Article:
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Getting connected in rural Nova Scotia

Annapolis County Councillor Gregory Heming says there are different scenarios and alternative technologies that can bring high speed internet to rural areas. This month he’ll be putting a motion before council that staff research the prospect of a municipally owned internet service.
Annapolis County Councillor Gregory Heming says there are different scenarios and alternative technologies that can bring high speed internet to rural areas. This month he’ll be putting a motion before council that staff research the prospect of a municipally owned internet service.

DELAPS COVE - About 130 people attended a July 30 meeting organized to petition for better internet and cell phone service. Meeting organizers Kay Whelan and Annapolis County Councillor Gregory Heming say it was a fun meeting with good conversation. Both were happy with the turnout, estimating that more than 100 people came out to sign the petition.

“The meeting started with great music, great food, and lively conversation,” said Heming. “It was a full house, standing room only.”

The meeting was originally called to discuss the need for cell phone coverage in communities along the shore now not serviced with cell phone towers, but the conversation quickly expanded to include the topic of poor internet service in rural areas.

He added that he personally experienced this frustration when he needed to upgrade his computer operating system.  Instead of simply upgrading the system with a download at home, he needed to drive his computer to Kentville.

“The meeting started with great music, great food, and lively conversation,” said Heming. “It was a full house, standing room only.”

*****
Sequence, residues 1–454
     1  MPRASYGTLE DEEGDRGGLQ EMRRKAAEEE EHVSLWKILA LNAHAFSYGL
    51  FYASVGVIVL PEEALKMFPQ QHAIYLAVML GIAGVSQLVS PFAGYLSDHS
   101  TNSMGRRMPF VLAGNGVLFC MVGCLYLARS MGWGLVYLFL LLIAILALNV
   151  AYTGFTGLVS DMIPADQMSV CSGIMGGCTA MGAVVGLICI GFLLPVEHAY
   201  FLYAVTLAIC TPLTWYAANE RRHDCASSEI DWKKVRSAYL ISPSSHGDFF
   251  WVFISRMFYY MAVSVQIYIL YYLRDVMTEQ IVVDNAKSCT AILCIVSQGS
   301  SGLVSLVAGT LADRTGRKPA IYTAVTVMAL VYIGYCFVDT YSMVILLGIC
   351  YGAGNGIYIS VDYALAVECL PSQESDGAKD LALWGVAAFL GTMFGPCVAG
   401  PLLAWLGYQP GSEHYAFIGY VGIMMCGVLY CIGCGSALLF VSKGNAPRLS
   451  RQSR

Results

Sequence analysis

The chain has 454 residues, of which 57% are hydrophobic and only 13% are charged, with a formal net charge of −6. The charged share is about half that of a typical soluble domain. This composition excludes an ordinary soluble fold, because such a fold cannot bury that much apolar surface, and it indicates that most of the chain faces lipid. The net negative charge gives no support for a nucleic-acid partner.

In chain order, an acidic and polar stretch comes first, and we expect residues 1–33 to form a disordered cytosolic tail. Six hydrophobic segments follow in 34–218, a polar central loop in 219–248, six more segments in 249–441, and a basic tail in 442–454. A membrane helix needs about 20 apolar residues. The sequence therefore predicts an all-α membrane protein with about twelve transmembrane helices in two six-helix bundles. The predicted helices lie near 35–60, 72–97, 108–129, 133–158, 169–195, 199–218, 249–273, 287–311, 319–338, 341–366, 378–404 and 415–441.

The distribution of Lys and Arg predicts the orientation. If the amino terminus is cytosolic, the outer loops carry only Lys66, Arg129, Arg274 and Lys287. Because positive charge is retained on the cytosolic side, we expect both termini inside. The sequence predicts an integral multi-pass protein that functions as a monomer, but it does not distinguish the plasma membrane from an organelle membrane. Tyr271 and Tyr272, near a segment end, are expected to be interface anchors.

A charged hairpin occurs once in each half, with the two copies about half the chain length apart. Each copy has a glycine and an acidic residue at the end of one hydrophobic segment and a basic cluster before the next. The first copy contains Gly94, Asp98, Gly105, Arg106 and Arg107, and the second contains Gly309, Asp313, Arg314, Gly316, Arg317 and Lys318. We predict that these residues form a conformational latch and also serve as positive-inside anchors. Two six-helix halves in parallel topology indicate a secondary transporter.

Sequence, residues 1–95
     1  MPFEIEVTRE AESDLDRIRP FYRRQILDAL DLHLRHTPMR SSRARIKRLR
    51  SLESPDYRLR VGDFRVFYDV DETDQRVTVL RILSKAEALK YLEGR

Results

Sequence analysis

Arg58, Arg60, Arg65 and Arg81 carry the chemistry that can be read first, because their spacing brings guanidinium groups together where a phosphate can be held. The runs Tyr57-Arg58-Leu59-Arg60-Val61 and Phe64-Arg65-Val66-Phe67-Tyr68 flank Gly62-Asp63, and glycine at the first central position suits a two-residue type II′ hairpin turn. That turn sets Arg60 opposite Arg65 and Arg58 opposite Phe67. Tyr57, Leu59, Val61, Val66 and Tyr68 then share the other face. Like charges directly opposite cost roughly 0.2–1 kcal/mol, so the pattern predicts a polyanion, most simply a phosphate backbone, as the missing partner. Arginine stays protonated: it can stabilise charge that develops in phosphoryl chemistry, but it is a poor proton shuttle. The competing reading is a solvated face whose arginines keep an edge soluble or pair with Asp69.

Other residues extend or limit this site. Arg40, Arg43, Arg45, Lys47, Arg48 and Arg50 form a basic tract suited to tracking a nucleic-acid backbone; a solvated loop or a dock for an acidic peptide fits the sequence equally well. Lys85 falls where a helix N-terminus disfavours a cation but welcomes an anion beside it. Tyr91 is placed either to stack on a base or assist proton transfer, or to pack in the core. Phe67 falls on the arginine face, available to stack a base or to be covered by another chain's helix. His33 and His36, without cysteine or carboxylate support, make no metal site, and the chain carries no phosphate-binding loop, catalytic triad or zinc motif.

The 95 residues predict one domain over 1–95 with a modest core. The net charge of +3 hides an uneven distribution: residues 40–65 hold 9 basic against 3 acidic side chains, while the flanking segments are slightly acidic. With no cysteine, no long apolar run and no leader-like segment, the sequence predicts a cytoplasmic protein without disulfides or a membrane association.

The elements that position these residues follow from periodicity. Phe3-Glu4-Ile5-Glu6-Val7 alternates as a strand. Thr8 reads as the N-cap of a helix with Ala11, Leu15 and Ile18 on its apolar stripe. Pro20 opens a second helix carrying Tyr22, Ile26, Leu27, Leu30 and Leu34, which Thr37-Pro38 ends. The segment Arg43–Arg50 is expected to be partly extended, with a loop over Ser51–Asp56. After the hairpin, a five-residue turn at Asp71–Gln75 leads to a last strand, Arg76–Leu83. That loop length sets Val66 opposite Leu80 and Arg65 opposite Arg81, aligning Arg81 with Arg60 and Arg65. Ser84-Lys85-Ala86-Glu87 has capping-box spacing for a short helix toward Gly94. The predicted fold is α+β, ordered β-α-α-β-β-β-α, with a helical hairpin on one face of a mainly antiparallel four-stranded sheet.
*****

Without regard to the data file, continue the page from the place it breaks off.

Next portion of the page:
The meeting was originally called to discuss the need for cell phone coverage in communities along the shore now not serviced with cell phone towers, but the conversation quickly expanded to include the topic of poor internet service in rural areas.

He added that he personally experienced this frustration when he needed to upgrade his computer operating system.  Instead of simply upgrading the system with a download at home, he needed to drive his computer to Kentville.

Had he tried to download the upgrades with his home internet connection, it would take nearly a full day. In Kentville, the same download takes about 10 minutes.

 

No Signal

Kay Whelan says her moment to take action happened recently during a trip to Delaps Cove Trail. One of the children was injured and because cell phones wouldn’t work (and no one had brought a vehicle), a tourist needed to drive a member of the group to a spot where cell service was available.

“Maybe 10 years ago we would have accepted something like that,” she said. “But in this day and age, it’s not acceptable. Cellphones are no longer just a matter of convenience.”
Inadequate internet and cell phone coverage affect small businesses, and it also affects the real estate market. Increasingly people are expecting these services and will not consider moving into areas that don’t offer internet and cell phone service.

She added that when they voiced their concerns to the Premier, he asked them to gather names. They decided to go with old-style signature petitions partly because they seem to carry more weight than online petitions.

She added the group has handed out extra copies of the petition to circulate to people who weren’t able to attend the meeting. The petition was also broadened to include the demand for better internet service.

 

Premier On Board

“I know the Premier is on board with this and is taking an interest. This is his riding and I know he’ll recognize some of the names on this petition,” she said.

Heming added he thinks Eastlink’s plan to cap usage probably angered people into taking an interest and he is encouraged by the response at the meeting. They discussed various service models that are working in other communities that don’t rely on private companies.

As part of his role on the county’s economic development committee, he says he has looked at how other communities have resolved this problem and he believes there are real solutions that can be implemented here quickly.

He added that he believes one of the best scenarios could involve a partnership between the province and Municipality of the County of Annapolis to create a community owned system.

“In August, I’ll be putting a motion before council that staff research the prospect of a municipally owned internet service in the county,” he said. “There are different scenarios we can consider, and alternative technologies.”

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